By the time I had walked the mile and a half that separated the class from my home, I was fully convinced my face resembled that of a Neanderthal, complete with jutting chin, giant nose, and, of course, bushy eyebrows. Upon entering the house, I caught a glimpse of a woman in the mirror and it took me a moment to recognize myself. I was sincerely surprised; I really wasn’t nearly as ugly as I had envisioned. Much to my honest amazement, my eyebrows really weren’t that bushy, despite the fact they had never been plucked.
The road to my ugly self-perception was a long and somewhat painful one. During high school I warmed the bench at school dances and was rarely invited to date. Convinced things would change in college, I went to BYU with high social hopes, only to discover some things never change. Five university years and two mission years later I graduated with a bachelor’s degree and without a wedding ring. My social life as a single young adult in Ogden was more of the same; I was a wall flower at dances and a finder-of-my-own-entertainment on weekends. Having long ago given up on any illusions of attractiveness, I knew my only hope was a good personality and so I focused entirely on developing that. I couldn’t change my face, by darn, but I could become kind, genuine, and interesting, right?!?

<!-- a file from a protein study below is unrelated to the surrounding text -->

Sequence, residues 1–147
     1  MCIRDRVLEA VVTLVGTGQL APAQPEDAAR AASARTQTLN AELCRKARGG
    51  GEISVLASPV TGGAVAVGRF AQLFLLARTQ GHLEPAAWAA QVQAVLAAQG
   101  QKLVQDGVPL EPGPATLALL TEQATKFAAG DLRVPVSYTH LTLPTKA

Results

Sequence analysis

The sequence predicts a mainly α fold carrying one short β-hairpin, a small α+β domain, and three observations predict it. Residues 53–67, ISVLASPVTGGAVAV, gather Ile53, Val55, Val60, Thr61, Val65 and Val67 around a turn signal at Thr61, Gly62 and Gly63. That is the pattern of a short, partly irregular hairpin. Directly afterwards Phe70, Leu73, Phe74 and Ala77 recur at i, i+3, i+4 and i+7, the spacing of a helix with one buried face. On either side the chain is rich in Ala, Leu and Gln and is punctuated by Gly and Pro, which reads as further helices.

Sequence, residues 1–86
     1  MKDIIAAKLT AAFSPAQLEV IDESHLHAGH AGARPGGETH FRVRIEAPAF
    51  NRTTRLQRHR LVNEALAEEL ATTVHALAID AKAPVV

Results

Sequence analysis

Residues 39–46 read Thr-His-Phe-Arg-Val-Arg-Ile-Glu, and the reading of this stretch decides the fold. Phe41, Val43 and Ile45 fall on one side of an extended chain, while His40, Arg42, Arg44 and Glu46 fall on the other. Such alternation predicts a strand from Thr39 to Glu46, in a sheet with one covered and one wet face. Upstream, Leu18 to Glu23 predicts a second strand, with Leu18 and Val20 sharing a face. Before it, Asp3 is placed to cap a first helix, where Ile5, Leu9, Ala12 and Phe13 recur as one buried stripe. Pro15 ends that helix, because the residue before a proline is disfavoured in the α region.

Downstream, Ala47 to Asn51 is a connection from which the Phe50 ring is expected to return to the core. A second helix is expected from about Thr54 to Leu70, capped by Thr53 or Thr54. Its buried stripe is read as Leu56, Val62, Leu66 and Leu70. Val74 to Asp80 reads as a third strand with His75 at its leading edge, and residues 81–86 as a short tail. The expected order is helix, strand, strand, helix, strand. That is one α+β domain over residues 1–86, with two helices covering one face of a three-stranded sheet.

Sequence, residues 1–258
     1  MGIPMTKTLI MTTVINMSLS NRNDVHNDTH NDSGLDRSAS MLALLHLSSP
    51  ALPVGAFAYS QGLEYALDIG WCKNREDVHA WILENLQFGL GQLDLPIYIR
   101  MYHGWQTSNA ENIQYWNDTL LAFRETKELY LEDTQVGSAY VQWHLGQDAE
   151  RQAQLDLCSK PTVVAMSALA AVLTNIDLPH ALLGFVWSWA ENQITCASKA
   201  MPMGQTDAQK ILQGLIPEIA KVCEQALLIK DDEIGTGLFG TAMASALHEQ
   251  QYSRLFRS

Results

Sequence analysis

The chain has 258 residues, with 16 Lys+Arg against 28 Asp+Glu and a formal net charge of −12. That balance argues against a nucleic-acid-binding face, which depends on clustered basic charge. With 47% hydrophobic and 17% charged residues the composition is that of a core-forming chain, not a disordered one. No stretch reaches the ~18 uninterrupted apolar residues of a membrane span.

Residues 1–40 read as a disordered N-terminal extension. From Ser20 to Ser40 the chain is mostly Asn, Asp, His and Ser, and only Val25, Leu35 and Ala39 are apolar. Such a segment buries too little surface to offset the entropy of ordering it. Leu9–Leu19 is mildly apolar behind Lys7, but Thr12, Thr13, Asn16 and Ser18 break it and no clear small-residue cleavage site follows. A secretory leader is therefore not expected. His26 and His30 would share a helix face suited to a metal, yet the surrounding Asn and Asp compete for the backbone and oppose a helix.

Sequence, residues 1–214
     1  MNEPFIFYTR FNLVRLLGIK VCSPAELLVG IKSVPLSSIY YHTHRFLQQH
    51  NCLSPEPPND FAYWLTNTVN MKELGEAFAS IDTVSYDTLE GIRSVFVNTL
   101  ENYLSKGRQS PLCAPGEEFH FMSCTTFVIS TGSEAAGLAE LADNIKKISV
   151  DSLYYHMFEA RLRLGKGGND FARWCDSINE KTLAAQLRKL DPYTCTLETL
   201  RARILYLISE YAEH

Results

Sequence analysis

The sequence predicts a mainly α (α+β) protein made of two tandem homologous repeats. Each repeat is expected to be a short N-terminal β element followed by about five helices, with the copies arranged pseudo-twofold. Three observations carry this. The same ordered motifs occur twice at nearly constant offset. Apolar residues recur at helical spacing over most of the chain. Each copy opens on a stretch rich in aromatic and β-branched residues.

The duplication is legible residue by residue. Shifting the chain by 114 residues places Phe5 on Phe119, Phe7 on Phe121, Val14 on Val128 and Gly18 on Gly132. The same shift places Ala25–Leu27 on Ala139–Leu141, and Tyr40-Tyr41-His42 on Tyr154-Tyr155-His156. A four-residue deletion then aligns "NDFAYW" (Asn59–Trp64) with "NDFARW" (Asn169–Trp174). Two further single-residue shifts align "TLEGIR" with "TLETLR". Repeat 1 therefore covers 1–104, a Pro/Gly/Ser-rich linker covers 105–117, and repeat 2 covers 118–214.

I was twenty-nine and ugly. He was twenty-eight and attractive. In fact, the first thing I thought when I saw him for the first time, was “He will never ask me out again; he is much too preppy for me.” Rich, dark hair stylishly gelled, sporty leather shoes, a faded denim shirt (very “in” at the time)—to me he was the exact incarnate example of the type of men who never asked me out.
“You are beautiful,” he said to me on our first date.
And he asked me out again. And he said again (and again), “You are beautiful.”
Nearly twenty years later he is still saying it. “You are beautiful” he tells me. He really believes it. And, now, so do I.
Believing that I am attractive has changed me. Whether or not I am truly pretty is irrelevant. Because he believes I am beautiful, I believe it too and I take that belief with me wherever I go. I carry myself differently and interact differently with others. I speak with the mechanic more confidently, smile at the bank teller with greater surety, and walk into a room of strangers with increased ease; my voice is warmer, my handshake firmer, my stride less hesitant. No longer caught in my self-made web of insecurity, I am freer to give, to share, to listen and to love Lance’s belief in my beauty has made me a more beautiful person.
Recently I was assembling a scrapbook about our Cancun adventure. I came across some very ugly pictures of a woman about my age and height and it took me a minute to recognize myself. I was sincerely surprised; I was much more unattractive than I had envisioned. And then I dismissed the photos. I know I am beautiful; Lance has made me so.
Who will you make beautiful?